In the wake of his acquittal, Gbagbo's return to the Ivorian political arena in some capacity is all but certain, said Economist Intelligence Unit analyst Adeline VanHoutte.

"Whether he will decide to run in the 2020 presidential election is unclear, but either way, he will have a large influence on the outcome of these elections," she said.

He rose to prominence as a Marxist firebrand lecturer who challenged the autocratic rule of Felix Houphouet-Boigny, Ivory Coast’s first post-independence president. That got him imprisoned for two years in 1971.

He took asylum in France during the 1980s but came back and led protests that forced the old ruler to allow multi-party democracy in 1990 with an election that Gbagbo lost.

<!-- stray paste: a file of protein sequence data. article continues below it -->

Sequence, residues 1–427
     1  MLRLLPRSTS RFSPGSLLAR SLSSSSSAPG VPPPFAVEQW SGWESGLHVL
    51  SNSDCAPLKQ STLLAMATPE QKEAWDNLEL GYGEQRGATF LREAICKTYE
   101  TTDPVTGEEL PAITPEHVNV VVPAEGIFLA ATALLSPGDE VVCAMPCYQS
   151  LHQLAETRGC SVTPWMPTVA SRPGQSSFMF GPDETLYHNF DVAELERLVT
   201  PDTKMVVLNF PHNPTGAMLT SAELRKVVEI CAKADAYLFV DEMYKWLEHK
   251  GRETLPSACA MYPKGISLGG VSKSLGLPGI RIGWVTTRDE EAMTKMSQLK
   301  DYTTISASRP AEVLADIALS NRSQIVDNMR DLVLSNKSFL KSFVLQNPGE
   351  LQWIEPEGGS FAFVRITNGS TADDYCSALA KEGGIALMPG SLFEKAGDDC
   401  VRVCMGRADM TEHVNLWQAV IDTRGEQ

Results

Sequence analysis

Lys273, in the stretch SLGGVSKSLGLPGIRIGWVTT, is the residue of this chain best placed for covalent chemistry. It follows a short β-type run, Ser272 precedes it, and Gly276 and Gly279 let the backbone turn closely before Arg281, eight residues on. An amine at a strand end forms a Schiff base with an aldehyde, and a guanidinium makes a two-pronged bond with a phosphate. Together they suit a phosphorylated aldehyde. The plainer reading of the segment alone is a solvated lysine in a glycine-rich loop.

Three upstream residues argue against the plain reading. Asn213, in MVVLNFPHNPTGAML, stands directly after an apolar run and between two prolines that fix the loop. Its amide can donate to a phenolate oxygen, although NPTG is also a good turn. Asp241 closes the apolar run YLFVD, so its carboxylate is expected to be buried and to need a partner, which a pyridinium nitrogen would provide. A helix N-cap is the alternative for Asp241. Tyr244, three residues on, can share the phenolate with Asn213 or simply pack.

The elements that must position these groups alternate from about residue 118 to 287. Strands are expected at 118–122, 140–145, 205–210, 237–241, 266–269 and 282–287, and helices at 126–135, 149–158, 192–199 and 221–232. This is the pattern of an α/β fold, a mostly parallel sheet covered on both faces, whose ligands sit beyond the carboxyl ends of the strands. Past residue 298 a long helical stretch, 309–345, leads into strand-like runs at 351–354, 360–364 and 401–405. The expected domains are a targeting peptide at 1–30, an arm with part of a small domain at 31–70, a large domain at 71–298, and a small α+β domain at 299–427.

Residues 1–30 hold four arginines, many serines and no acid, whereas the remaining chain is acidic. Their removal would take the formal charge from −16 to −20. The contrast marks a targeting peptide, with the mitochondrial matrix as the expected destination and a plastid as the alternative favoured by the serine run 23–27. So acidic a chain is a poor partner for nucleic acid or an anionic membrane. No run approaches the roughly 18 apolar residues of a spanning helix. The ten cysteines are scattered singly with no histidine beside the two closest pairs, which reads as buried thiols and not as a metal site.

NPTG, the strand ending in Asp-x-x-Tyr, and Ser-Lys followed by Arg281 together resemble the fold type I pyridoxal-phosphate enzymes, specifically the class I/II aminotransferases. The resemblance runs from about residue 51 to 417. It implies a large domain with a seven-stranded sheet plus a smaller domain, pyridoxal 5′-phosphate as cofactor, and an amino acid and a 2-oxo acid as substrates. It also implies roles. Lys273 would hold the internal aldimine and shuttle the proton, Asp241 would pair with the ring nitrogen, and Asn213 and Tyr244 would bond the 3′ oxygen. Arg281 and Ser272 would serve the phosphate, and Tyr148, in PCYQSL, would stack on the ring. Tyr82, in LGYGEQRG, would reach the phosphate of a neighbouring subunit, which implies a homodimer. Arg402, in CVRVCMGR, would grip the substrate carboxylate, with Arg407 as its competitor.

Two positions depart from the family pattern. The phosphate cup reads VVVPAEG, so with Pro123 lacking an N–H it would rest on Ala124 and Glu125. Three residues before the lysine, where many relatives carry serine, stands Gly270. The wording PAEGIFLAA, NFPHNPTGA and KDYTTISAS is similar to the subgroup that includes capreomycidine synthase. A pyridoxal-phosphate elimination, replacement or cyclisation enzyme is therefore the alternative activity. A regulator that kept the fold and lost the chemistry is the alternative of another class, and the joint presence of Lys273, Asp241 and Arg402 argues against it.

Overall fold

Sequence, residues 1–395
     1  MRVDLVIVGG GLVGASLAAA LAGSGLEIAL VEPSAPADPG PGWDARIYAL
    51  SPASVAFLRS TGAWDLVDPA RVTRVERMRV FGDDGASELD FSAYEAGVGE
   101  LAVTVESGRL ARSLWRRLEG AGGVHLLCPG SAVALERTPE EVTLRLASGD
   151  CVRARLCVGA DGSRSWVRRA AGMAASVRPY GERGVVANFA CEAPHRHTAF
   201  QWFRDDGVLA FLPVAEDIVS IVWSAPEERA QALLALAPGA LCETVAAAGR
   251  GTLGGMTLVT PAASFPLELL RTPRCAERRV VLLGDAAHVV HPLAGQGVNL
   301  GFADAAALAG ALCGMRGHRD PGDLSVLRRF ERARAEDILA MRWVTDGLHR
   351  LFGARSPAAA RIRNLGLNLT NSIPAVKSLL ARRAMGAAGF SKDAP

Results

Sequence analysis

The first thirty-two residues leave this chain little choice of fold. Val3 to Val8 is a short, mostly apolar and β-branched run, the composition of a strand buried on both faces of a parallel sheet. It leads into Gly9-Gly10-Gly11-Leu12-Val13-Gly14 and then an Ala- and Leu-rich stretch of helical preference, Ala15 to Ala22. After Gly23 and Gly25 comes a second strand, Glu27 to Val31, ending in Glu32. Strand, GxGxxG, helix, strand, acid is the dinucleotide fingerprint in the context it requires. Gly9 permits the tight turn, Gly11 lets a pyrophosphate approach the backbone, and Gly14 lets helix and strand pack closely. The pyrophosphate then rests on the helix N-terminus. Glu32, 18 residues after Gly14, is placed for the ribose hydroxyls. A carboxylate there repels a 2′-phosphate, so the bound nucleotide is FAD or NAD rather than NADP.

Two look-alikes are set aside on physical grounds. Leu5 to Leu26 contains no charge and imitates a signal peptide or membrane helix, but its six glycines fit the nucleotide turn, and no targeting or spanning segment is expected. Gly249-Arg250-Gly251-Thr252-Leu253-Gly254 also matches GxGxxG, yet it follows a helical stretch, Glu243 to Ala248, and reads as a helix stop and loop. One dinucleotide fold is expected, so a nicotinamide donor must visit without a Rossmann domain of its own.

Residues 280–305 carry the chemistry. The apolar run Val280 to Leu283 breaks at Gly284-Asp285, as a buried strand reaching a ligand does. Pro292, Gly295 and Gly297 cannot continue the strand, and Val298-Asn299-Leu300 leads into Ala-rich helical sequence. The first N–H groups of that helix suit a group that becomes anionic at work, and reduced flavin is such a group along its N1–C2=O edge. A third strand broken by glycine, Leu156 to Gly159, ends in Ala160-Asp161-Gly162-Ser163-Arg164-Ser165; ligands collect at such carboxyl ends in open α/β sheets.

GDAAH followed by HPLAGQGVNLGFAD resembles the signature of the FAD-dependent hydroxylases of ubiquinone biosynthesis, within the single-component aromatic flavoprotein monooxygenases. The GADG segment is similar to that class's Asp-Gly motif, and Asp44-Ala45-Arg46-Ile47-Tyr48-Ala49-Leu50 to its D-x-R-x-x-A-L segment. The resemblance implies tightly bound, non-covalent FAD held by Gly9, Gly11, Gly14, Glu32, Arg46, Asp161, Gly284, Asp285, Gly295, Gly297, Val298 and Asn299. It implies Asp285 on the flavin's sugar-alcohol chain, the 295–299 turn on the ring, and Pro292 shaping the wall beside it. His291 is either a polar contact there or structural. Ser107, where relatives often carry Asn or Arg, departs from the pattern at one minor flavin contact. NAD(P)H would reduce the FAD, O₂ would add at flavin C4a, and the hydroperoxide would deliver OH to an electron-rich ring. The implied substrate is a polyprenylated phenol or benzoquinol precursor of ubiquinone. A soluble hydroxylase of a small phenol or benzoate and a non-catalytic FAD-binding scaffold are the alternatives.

Ten years later, Gbagbo supporters helped oust military coup leader General Robert Guei and then took the presidency.

This story was reported by Reuters, with contributions from Anthony Deutsch and Toby Sterling in Amsterdam; Loucoumane Coulibaly in Abidjan; and Aaron Ross in Dakar.

You've read  of  free articles. Subscribe to continue.
Real news can be honest, hopeful, credible, constructive.
What is the Monitor difference? Tackling the tough headlines – with humanity. Listening to sources – with respect. Seeing the story that others are missing by reporting what so often gets overlooked: the values that connect us. That’s Monitor reporting – news that changes how you see the world.

Dear Reader,

About a year ago, I happened upon this statement about the Monitor in the Harvard Business Review – under the charming heading of “do things that don’t interest you”: